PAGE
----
As I’m learning from an upcoming film I’m probably embargoed from discussing in any detail, the documentary “Hey Bartender,” the business of dispensing booze can take from a person’s life, but it can also give. However, the price I’m thinking about right now has mostly to do with the garnish — yes, the garnish — of today’s drink.

Fire is involved, and so is my right hand. I like my right hand. It’s helping me type this blog post and it does other nice things for me from time to time. But more about that later. (The garnish, I mean.)

The Ritz Cocktail was created by a cocktail legend I’m not sure I’ve even mentioned here before, and that’s largely due to the fact that I’m still a relative newbie to serious boozing. Although he’s not quite a household name — even his Wikipedia page is a still a stub — Dale DeGroff is credited by lots of folks as spearheading the revival of the lost art of the American cocktail. This started back in the 1980s, when he was at the Rainbow Rock at Manhattan’s 30 Rock, I was still in school, and most of the oldest of you all were lucky to be past the zygote stage….and DeGroff is still a relatively young man for a living legend. Well, his Wiki doesn’t give his age, so it’s hard to be sure.

Today’s drink is contained in DeGroff’s epochal 2002 tome, The Craft of the Cocktail. It’s named in honor of the several legendary bars of the famed Ritz hotel chain founded by César Ritz. Much as Mr. DeGroff has been dubbed “King Cocktail,” Mr. Ritz was dubbed “king of hoteliers, and hotelier to kings.” So far as I know, however, he had nothing to do with the cracker.

The Ritz Cocktail (the slightly heretical and debased version)

3/4-1 ounce cognac, or brandy alternative
1/2 ounce Cointreau
1/4 ounce fresh lemon juice
1/4 ounce maraschino liqueur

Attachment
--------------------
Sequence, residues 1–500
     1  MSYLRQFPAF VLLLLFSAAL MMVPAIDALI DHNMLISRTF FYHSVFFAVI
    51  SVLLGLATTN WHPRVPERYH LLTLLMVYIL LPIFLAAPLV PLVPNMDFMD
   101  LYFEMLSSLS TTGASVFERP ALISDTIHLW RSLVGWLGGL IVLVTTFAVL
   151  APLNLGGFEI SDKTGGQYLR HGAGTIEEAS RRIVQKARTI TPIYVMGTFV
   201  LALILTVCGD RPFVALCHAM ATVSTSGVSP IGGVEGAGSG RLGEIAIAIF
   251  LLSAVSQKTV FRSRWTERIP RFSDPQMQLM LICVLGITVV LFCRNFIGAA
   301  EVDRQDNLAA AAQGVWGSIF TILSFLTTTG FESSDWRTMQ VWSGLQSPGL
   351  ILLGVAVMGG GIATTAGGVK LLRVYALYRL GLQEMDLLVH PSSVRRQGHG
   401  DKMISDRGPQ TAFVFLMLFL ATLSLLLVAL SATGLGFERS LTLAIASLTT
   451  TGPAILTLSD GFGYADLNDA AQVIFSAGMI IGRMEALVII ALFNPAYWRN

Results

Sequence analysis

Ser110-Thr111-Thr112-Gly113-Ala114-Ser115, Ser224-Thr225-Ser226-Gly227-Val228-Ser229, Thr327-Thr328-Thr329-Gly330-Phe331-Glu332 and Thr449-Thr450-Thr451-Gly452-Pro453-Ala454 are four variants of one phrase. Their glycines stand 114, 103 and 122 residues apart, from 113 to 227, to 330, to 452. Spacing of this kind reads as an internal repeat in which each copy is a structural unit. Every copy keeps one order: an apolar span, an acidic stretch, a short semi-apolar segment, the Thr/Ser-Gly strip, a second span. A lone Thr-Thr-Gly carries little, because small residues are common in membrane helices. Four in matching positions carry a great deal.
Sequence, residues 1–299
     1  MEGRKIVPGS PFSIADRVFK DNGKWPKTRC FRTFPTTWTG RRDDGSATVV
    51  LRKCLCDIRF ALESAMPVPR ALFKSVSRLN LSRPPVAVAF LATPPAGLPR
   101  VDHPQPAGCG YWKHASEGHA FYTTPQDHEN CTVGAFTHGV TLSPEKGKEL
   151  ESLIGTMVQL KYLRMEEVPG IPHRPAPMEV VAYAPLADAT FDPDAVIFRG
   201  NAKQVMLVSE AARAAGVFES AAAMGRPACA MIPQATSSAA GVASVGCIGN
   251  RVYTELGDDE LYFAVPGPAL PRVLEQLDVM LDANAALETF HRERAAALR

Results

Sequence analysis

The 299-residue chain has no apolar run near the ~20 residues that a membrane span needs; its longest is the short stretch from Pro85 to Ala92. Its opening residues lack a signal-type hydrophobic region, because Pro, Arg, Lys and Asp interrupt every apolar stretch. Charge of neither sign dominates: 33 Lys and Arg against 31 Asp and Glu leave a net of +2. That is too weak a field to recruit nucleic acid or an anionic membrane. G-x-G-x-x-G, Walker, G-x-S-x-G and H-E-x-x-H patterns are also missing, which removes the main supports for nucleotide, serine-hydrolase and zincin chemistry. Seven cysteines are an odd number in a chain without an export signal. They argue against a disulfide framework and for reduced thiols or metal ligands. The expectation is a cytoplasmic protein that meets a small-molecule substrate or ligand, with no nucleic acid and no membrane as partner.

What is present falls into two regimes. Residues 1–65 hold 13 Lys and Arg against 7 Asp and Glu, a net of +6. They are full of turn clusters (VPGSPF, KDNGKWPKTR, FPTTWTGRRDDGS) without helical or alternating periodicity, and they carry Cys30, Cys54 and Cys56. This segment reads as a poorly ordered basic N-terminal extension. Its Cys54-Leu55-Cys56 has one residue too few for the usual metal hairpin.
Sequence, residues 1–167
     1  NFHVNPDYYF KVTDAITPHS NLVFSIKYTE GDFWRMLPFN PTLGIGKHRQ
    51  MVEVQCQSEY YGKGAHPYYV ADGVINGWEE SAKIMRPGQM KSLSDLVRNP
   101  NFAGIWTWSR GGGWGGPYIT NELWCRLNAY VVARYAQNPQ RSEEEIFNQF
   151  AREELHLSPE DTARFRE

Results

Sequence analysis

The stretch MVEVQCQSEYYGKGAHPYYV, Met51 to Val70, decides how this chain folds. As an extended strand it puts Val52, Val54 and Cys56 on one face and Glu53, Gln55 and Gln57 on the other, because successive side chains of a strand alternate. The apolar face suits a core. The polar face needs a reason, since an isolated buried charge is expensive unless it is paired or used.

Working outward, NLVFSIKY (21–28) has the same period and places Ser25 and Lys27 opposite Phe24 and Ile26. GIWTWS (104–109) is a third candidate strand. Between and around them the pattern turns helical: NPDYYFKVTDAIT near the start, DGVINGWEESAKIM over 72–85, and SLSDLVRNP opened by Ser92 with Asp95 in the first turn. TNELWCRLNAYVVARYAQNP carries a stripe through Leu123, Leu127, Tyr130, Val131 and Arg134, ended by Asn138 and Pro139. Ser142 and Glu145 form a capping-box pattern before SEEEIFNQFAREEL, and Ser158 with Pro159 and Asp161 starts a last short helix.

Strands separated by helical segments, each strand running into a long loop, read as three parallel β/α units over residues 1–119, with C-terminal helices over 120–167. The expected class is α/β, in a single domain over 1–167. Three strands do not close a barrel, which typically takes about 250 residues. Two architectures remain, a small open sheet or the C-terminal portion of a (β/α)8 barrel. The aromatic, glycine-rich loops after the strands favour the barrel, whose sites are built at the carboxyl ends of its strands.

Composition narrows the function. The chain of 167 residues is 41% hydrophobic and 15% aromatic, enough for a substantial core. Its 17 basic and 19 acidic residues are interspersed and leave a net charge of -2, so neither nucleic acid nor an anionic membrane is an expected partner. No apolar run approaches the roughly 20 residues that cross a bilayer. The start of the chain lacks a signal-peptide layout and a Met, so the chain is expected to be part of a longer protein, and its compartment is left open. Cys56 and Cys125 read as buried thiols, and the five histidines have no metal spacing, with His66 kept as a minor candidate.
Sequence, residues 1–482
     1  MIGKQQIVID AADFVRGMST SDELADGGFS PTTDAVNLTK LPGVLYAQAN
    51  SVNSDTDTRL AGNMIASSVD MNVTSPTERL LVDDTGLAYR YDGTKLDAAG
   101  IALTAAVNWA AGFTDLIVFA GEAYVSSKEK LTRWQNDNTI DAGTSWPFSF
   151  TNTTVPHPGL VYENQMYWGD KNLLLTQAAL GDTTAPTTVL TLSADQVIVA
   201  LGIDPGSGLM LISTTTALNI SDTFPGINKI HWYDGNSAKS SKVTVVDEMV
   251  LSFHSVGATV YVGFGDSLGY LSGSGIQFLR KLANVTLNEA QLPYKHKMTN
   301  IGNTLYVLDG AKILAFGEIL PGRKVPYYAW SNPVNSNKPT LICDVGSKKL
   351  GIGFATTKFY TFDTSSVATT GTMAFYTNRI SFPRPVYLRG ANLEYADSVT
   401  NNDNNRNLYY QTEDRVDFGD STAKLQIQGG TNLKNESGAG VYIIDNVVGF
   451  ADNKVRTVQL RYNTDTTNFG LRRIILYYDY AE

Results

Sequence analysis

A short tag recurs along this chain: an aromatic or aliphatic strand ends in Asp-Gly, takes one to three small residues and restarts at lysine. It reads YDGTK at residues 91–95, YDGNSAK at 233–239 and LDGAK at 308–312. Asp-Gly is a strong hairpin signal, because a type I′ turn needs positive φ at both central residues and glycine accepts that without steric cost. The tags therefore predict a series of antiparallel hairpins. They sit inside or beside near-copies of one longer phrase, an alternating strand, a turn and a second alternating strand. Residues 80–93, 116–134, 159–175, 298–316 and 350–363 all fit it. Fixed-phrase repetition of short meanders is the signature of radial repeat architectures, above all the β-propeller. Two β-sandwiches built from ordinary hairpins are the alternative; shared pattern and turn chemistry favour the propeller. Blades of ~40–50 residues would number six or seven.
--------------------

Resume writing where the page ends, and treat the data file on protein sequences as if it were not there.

Champagne or sparkling white wine alternative
Flamed orange peel (garnish, to be explained!)

Read the rest of this entry »

  

Drink of the Week: The Vieux Carre

The Vieux Carre.Like most Americans, I’m not exactly a polyglot. Four years of junior high and high school Spanish have been of great assistance in helping me to order  items at taco trucks; three quarters of college French allow me to chuckle knowingly to myself when “merde!” is translated as “damn!” in subtitles. So, I can’t properly pronounce the name of the Vieux Carre, but I can tell you it means “old square.” That square, as it turns out, is off of Bourbon Street in New Orleans, and this is another fine cocktail associated with America’s most intriguing cocktail capital.

Quite obviously, however, this is not in the same category as a Hurricane and it’s not the one of the scary, gigantic green drinks featured on this year’s season premiere of “Bar Rescue.” While, for me, the Vieux Carre doesn’t quite achieve the classic cocktail nirvana of a Sazerac, this is one beverage that actually gets tastier the longer you let it sit. It’s perfect for a long conversation and, by the end of it, even ever-so-justifiably-furious bar rescuer John Taffer might get mellow enough to maybe stop shouting for just a second.

The Vieux Carre

3/4 ounce rye whiskey
3/4 ounce cognac or brandy
3/4 ounce sweet vermouth
1 teaspoon Benedictine
2 dashes Peychaud’s Bitters
2 dashes aromatic  bitters (Angostura or similar)
1 lemon twist (garnish)